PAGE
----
One of the questions raised to Knelman from the audience was the question of legacy -- the recent murder conviction of former Detective Stephanie Lazarus, whom Don Hrycyk on the Los Angeles Police Department's Art Theft Squad had been training to succeed him in 2009 at the time of her arrest, brought up again the issue of who will continue the work of Hrycyk.  Knelman said that the LAPD has not yet found a successor and that Hrycyk is currently working without a partner.  "Detective Hrycyk, with 39 years on the LAPD, is the 8th most senior officer of 10,000 police officer," Knelman said.  "Although there is no retirement age in the LAPD, it will take years for Hrycyk to train someone."

Another question asked was as to why there were so few art crime squads in North America.  "The units are in the secondary markets of Los Angeles and Montreal and not the primary art markets of New York City and Toronto," Knelman said.  "Clearly there should be one in New York.  Recovery rates increase when detectives have the time to spend getting to know the art community, building trust with the art dealers and collectors.  Unlike other property crimes, recovery of artworks may take decades."

And where does the stolen art go? asked another person.  "That is the billion dollar question," Knelman said.  "There are two separate categories.  The very famous stolen masterpieces can be used as currency, but the other stolen artworks, 95% of the stolen art which is valued at less than $100,000 or even $25,000, is laundered back into the art market, stolen in Los Angeles, sold in New York and displayed in Vancouver."

Knelman will be discussing his book, Hot Art, tonight at 8 p.m. at The Flag Art Foundation in New York City.  You can read more about his book here on the ARCAblog.

August 16, 2011

Tuesday, August 16, 2011 - , No comments

Anthony Amore Comments on the Alleged Rembrandt Drawing "The Judgement" found in Encino

The stolen 'Rembrandt' (AP Photo/Gus Ruelas)
Anthony Amore posted on Facebook on August 16 that "The Judgement", the alleged drawing by Rembrandt stolen from a hotel in Marino del Rey on Saturday night, was found last night.  You may read more information here at this NBC link: "Rembrandt Lost and Found." Where was it found? Encino.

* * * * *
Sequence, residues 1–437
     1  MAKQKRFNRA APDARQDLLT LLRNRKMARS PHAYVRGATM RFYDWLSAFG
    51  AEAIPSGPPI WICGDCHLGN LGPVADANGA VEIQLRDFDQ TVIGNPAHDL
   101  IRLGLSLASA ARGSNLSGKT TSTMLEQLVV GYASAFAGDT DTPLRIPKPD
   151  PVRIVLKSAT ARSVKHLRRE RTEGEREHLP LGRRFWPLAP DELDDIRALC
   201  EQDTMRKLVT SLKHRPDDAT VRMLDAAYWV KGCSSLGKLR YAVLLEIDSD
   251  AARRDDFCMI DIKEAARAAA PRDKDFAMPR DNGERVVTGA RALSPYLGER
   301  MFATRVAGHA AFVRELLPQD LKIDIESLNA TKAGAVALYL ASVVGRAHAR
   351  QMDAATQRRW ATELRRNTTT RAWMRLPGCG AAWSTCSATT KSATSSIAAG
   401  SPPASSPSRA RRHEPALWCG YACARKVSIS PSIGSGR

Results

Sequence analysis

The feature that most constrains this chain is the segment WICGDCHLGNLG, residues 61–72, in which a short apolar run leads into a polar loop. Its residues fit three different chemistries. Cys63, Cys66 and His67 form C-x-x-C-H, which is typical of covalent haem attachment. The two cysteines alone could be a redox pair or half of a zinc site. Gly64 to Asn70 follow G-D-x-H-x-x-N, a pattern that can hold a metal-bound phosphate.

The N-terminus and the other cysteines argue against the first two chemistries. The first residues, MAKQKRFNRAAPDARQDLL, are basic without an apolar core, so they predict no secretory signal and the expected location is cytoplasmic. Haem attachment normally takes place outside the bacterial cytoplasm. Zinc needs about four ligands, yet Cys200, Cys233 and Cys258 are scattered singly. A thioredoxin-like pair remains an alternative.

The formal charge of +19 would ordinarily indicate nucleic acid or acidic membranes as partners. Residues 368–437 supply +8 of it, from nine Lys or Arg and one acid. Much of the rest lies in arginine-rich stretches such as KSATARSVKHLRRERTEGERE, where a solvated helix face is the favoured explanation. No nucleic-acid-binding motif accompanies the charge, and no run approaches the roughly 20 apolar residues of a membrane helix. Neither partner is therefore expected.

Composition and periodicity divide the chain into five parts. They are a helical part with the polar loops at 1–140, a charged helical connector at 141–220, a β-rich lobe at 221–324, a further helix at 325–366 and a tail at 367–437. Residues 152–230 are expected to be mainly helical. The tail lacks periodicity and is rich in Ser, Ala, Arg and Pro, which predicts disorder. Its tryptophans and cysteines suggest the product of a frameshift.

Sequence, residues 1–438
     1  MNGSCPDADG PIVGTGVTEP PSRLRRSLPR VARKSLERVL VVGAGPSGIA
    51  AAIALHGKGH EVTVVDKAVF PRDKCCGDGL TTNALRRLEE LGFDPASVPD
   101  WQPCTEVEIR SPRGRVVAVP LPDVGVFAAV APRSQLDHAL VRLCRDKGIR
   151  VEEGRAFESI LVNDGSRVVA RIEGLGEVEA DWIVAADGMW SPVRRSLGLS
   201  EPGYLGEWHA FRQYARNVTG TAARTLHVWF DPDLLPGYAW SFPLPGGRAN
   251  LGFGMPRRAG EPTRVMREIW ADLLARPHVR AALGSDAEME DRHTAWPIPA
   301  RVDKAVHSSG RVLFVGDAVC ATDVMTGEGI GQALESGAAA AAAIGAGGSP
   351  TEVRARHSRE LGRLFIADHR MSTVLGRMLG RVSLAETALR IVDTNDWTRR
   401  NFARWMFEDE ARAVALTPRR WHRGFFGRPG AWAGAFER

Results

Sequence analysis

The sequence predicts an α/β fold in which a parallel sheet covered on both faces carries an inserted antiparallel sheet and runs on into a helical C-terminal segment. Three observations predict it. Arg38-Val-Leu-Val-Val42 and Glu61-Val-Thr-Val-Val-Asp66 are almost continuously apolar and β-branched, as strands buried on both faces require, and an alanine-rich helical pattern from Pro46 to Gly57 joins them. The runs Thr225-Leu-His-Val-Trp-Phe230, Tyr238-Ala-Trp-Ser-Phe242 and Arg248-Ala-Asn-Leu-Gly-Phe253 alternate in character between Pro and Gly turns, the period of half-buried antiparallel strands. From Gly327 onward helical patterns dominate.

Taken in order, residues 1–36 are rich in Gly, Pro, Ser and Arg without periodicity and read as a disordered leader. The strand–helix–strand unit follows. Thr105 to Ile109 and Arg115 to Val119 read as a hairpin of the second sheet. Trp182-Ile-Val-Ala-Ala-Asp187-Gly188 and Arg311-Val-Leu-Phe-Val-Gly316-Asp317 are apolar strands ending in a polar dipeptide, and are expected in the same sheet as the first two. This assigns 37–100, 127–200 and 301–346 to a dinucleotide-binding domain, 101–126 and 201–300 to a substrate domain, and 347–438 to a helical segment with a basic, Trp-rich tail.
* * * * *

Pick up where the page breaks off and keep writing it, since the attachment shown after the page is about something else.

Update: The Los Angeles Times reports that the drawing was found in a church parking lot in Encino.

Another update on September 12, 2011: The Los Angeles County Sherriff's department is holding the alleged $250,000 Rembrandt drawing until the owners can prove that they have title to it, according to John Rogers reporting for the Associated Press "Case of LA's stolen Rembrandt intrigues art world".  If the owners cannot prove authenticity and title to the legal authorities in order to recover the artwork, how did they expect to sell it for one-quarter of a million dollars? Anthony Amore, security director for the Isabella Stewart Gardner Museum and author of "Stealing Rembrandts" tries to put some perspective on the case.

ALR's Chris Marinello and ISGM's Anthony Amore Quoted About A Stolen Rembrandt Drawing from a California Hotel

Rembrandt's drawing "The Judgement"
 (The Linearis Institute)
Christopher Marinello, General Counsel for the Art Loss Register and a speaker at ARCA's International Art Crime Conference for two years, and ARCA Trustee Anthony Amore, Security Director for the Isabella Stewart Gardner Museum, are quoted in a few articles about the theft of a Rembrandt Drawing from a Ritz-Carlton hotel in Marina Del Rey in Los Angeles.

The 1655 drawing, titled "The Judgement" and measuring 11 by 6 inches, is owned by the Linearis Institute of San Francisco. It was stolen Saturday evening with a diversion tactic: the curator was distracted by a potential sale while another person grabbed the quill ink-and-pencil drawing.

You may read a few of the articles here:




The latter article by Chris Reynolds for The Los Angeles Times describes more lucrative hotel robberies.

June 26, 2011

History of Art Vandalism: The 1985 Destruction of Rembrandt's "Danaë" at The Hermitage Museum

Rembrandt's Danaë, Oil on Canvas, 185x202.5 cm
The State Hermitage Museum
by Kirsten Hower, ARCA Blog Contributor